Zee Media Bureau/Supriya Jha
7:10 pm: Search area a rough piece of ocean, mission difficult
Throwing light on the extent of difficulty in the MH370 search, an expert has called the search area a "very rough piece of ocean", which might put those involved in the mission, in trouble.
Kerry Sieh, director of the Earth Observatory of Singapore told the AP news agency, "This is a really rough piece of ocean, which is going to be a terrific issue...I worry that people carrying out the rescue mission are going to get into trouble".
4:10 pm: I know my father better: Pilot`s son on media speculations
Rubbishing media speculations over pilot`s possible role in jet crash, Captain Zaharie Ahmad Shah`s 26-year-old son Mr Ahmed Seth has defended his father, saying he better knew his father.
"I`ve read everything online. But I`ve ignored all the speculation. I know my father better," Malaysia`s New Straits Times quoted him as saying.
"We may not be close as he travels so much. But I understand him”.
03:00 pm: Malaysia to launch royal commission of inquiry into MH370
According to a local Malaysian news website (Malaysiakini website) report, a royal commission of inquiry will be launched for investigating the MH370 tragedy, but only after the Black Box data has been retrieved, Malaysian minister Shahidan Kassim has told the parliament.
01:40 pm: Now, Thai satellite images spot 300 objects
After China, France and Australia, now Thai satellite images show 300 floating objects about 2,700 kilometres from Perth of Australia and about 200 kilometres from the international search area, reports The Nation.
The images are taken by Thaichote satellite or Thailand Earth Observation Satellite, on March 24.
The objects were identified by Thailand`s Geo-Informatics and Space Technology Development Agency which said that the objects varied in size from two to 15 metres in size.
12:20 pm: Ships staying in the search area, planes leave
An update by the AMSA said that the 5 ships that were involved in the search operation were not leaving because of rough weather. A tweet by AMSA news suggested that while ships will strive to continue search, the planes would be leaving the area because of bad weather which will not better till next 24 hours.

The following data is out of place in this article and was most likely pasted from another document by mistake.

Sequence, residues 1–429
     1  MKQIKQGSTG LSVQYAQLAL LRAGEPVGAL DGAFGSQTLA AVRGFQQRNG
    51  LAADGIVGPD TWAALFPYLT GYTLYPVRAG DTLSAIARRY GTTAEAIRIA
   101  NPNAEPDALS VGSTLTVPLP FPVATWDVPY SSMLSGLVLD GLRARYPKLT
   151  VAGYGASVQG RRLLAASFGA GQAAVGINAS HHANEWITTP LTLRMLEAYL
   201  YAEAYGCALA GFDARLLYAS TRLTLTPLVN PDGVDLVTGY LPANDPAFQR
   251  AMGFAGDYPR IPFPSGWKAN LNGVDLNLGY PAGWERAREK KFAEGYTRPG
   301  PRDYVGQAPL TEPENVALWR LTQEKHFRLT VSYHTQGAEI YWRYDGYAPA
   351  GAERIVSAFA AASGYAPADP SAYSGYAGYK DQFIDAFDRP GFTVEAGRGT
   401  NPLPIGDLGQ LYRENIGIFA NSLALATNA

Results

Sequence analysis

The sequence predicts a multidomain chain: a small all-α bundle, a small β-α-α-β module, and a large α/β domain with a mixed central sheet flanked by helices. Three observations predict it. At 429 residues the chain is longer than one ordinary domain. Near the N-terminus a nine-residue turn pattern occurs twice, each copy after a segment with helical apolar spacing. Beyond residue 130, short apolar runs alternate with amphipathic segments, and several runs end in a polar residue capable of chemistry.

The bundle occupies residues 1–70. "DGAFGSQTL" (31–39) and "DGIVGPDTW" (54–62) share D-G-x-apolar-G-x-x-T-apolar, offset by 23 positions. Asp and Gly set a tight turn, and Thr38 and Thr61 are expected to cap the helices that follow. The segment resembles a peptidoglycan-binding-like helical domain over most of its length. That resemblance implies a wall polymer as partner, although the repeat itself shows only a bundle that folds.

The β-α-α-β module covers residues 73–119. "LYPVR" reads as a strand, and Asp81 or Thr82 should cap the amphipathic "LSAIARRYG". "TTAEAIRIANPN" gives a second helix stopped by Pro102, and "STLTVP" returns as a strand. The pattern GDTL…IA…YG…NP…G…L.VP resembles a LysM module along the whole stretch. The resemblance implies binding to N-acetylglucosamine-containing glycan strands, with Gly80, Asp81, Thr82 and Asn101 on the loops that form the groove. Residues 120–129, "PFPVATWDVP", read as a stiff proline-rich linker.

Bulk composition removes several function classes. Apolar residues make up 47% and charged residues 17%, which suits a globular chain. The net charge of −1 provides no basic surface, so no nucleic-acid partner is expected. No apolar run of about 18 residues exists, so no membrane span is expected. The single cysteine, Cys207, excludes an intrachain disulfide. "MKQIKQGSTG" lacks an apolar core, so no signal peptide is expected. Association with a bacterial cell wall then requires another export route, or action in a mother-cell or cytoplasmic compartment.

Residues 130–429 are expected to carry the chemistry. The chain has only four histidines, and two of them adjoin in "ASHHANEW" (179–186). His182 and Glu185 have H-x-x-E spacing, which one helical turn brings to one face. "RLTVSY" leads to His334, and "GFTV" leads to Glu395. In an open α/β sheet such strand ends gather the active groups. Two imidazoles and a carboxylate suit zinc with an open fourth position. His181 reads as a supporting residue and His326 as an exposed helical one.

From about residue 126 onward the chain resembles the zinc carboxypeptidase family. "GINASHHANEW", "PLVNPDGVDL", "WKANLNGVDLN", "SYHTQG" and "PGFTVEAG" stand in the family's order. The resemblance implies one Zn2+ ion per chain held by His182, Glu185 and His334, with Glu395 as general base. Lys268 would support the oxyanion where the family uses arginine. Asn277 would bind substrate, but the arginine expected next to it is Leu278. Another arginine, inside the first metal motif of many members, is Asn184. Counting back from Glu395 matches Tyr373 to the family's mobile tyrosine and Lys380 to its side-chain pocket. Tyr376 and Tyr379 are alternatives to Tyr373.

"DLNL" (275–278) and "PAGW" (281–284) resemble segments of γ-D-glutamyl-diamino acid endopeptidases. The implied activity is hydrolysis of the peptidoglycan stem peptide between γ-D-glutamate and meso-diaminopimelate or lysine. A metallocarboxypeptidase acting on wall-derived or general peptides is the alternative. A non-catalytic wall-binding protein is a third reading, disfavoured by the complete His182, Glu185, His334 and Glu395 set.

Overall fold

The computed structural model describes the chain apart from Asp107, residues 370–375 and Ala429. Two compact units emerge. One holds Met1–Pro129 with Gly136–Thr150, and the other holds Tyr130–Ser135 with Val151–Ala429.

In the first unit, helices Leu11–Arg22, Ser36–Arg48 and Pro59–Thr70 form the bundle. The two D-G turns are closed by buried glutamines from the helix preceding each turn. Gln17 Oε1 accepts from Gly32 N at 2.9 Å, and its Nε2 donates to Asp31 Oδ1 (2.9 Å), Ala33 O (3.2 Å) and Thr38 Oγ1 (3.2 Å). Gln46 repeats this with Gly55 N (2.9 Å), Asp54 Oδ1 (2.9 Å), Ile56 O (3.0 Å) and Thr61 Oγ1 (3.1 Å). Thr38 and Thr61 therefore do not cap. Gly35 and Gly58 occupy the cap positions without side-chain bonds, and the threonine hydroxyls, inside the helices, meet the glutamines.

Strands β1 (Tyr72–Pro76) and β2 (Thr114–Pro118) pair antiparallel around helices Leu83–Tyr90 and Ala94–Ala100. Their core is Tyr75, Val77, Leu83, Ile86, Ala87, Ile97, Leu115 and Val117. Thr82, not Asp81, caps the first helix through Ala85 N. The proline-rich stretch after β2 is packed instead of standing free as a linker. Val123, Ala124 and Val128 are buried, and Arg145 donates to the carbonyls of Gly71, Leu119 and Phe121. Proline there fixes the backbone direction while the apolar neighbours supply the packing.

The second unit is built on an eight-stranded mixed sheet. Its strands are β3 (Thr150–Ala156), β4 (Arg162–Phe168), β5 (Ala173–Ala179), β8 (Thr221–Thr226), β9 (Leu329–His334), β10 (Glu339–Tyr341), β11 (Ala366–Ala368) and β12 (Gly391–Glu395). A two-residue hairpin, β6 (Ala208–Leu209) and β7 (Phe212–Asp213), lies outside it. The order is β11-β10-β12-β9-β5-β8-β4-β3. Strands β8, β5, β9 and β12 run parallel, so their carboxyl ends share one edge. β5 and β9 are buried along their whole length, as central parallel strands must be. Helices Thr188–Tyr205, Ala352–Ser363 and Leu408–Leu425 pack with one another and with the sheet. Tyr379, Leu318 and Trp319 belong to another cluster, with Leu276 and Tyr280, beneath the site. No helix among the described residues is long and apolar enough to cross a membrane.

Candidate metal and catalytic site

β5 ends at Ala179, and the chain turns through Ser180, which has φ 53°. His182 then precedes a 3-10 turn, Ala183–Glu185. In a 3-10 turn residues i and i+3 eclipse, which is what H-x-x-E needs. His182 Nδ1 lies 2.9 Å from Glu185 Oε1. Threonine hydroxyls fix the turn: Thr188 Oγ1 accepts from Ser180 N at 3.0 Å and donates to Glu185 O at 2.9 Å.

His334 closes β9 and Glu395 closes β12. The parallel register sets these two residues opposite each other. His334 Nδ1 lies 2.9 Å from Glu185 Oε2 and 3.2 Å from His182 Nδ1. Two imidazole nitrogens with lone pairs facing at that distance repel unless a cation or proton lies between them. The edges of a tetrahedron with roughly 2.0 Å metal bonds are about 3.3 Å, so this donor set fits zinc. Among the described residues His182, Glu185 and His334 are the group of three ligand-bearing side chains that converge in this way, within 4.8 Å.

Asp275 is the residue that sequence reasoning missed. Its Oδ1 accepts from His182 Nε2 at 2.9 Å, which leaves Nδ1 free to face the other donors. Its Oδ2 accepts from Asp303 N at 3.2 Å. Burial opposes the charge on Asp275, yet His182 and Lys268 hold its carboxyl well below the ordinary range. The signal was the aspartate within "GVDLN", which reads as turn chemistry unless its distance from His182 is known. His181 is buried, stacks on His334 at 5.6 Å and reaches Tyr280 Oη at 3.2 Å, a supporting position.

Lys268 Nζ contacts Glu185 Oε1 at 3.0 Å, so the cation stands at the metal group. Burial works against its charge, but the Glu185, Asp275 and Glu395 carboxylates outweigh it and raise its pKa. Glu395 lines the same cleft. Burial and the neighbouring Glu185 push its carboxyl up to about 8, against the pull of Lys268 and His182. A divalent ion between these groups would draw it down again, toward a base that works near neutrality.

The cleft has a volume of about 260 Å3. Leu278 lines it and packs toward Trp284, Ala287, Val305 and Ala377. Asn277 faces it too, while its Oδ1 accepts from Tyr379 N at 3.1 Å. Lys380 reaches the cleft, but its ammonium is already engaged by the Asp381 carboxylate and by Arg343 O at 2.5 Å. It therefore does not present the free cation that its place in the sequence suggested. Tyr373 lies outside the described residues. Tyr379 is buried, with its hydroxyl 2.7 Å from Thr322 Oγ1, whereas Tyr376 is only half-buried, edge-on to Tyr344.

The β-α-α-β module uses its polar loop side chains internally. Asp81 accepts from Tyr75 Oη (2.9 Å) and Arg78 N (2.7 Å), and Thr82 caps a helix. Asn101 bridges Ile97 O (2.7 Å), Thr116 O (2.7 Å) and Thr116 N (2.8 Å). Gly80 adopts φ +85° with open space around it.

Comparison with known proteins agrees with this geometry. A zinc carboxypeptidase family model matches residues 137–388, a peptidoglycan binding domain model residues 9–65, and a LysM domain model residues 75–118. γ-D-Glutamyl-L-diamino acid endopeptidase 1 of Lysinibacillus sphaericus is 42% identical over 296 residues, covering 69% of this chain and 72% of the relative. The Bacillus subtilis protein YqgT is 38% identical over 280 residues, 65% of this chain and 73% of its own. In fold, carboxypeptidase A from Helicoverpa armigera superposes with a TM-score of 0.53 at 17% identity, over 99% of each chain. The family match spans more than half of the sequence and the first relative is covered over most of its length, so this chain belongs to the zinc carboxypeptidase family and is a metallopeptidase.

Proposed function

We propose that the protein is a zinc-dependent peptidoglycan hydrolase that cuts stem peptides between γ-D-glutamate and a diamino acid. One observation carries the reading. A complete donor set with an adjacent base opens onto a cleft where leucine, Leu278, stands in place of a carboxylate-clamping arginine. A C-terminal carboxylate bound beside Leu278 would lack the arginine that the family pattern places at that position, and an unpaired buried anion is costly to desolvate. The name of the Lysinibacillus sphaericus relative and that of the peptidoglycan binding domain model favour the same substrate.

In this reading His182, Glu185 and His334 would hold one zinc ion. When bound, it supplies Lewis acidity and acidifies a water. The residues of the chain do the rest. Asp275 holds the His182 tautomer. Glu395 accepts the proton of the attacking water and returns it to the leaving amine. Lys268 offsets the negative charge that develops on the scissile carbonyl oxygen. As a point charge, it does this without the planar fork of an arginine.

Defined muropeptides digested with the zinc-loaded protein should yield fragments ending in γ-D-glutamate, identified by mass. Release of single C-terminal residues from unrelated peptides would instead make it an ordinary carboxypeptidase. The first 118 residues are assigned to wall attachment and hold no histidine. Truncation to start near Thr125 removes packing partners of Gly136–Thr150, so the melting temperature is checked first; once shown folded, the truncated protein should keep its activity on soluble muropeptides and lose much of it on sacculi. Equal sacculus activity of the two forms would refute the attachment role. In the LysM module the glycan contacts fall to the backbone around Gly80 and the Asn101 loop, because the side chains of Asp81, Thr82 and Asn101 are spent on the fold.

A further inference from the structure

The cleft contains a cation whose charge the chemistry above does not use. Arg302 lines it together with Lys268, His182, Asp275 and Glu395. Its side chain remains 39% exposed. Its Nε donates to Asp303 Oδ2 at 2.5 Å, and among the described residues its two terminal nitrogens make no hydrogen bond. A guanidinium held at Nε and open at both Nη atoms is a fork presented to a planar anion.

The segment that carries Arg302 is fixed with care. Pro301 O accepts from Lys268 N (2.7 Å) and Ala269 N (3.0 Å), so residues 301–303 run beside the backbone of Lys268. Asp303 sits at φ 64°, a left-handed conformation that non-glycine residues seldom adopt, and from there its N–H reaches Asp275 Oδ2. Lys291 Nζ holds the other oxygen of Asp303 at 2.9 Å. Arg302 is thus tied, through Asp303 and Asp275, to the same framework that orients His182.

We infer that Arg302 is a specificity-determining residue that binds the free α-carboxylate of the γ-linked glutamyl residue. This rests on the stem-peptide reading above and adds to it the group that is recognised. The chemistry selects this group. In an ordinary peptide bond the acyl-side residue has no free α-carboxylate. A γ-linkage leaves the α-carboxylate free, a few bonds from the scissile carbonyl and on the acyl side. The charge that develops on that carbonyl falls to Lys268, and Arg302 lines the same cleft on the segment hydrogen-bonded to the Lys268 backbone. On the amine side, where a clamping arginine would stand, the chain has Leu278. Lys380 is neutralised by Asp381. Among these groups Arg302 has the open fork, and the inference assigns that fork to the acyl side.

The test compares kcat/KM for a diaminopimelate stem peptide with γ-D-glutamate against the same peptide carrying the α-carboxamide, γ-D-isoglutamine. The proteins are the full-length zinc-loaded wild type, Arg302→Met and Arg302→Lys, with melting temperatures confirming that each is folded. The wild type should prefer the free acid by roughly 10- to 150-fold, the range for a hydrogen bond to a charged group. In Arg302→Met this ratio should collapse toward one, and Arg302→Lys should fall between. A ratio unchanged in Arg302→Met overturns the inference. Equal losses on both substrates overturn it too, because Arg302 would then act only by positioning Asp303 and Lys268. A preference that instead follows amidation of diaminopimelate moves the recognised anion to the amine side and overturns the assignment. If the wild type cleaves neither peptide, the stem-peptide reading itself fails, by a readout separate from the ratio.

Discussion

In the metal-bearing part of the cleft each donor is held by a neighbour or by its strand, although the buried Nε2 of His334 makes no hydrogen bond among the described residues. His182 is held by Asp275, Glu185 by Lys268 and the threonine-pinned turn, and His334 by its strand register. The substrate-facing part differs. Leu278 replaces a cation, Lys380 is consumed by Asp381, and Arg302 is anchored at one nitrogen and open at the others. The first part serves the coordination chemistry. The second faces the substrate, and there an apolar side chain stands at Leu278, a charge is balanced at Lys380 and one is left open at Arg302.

11:40 am: Black Box batteries might be dead?
While US Navy`s Towed Pinger Locator 25 (TPL-25)has arrived in Perth to help locate the Black Box of the ill-fated plane, experts warn that the batteries of the Malysian jet`s flight recorders might already have expired, reported the CNN.
Talking to the CNN, David Soucie an aviation expert said that the batteries` life depends upon maintenance and temperature. And Malaysia being a hot country, if the batteries hadn`t been stored in cold, it is possible that they might be dead by now.
According to an AP report, experts says that Malaysian jet`s Black box pinger could keep sending pings clearly till April 7 as the life of the batteries are supposed to be one month. But the pings will fade after that and will go silent completely by April 12.
10:10 am: Search operations suspended for today
Rough weather has forced search operations to be suspended, reported the AMSA. All rescue planes and ship were said to be returning to Perth as bad weather will not allow further search operations.
Today's search operations have been suspended due to bad weather. All planes are returning to Perth & ships are leaving search area. #MH370
— AMSA News (@AMSA_News) March 27, 2014
9:30 am: `Flight MH370 was a ghost plane for many hours before it ran out of fuel`
A US -based law firm has said it will file lawsuits for millions of dollars per passenger against Malaysia Airlines and Boeing over the MH370 tragedy.
Chicago-based Ribbeck Law Charteredsaid that the lawsuit was filed against the aircraft manufacturer Boeing Co and operator Malaysia Airlines in Illinois Court. The law firm says that expects to represent families of more than half of the passengers on board the ill-fated plane, believes that the disaster might have been caused by some possible design defect and mechanical failure.
"Our theory of the case is that there was a failure of the equipment in the cockpit that may have caused a fire that rendered the crew unconscious, or perhaps because of the defects in the fuselage which had been reported before there was some loss in the cabin pressure that also made the pilot and co-pilot unconscious," the Reuters quoted Monica Kelly, head of Global Aviation Litigation at Ribbeck Law, as saying.
"That plane was actually a ghost plane for several hours until it ran out of fuel," she added.
9:00 am: Bad weather expected later in the day over search area
After a full day of search yesterday, the mission may get hampered later in the day today as the weather is expected to worsen, stated the AMSA.
8:30 am: Search on for Malaysian jet, 11 aircraft and 5 ships roped in for today`s hunt
The Australian Maritime Safety Authority (AMSA) on Thursday informed that the search activities for the missing Malaysian jet were underway with 11 aircraft and 5 ships engaged in the mission.
AMSA added that today’s search is split into two areas within the same proximity covering a cumulative 78,000 square
Those flying sorties throughout the day will be two Royal Australian Air Force AP-3C Orions, a Chinese Ilyushin IL-76, a Japanese Gulfstream jet, a US Navy P-8 Poseidon and a Japanese P-3 Orion.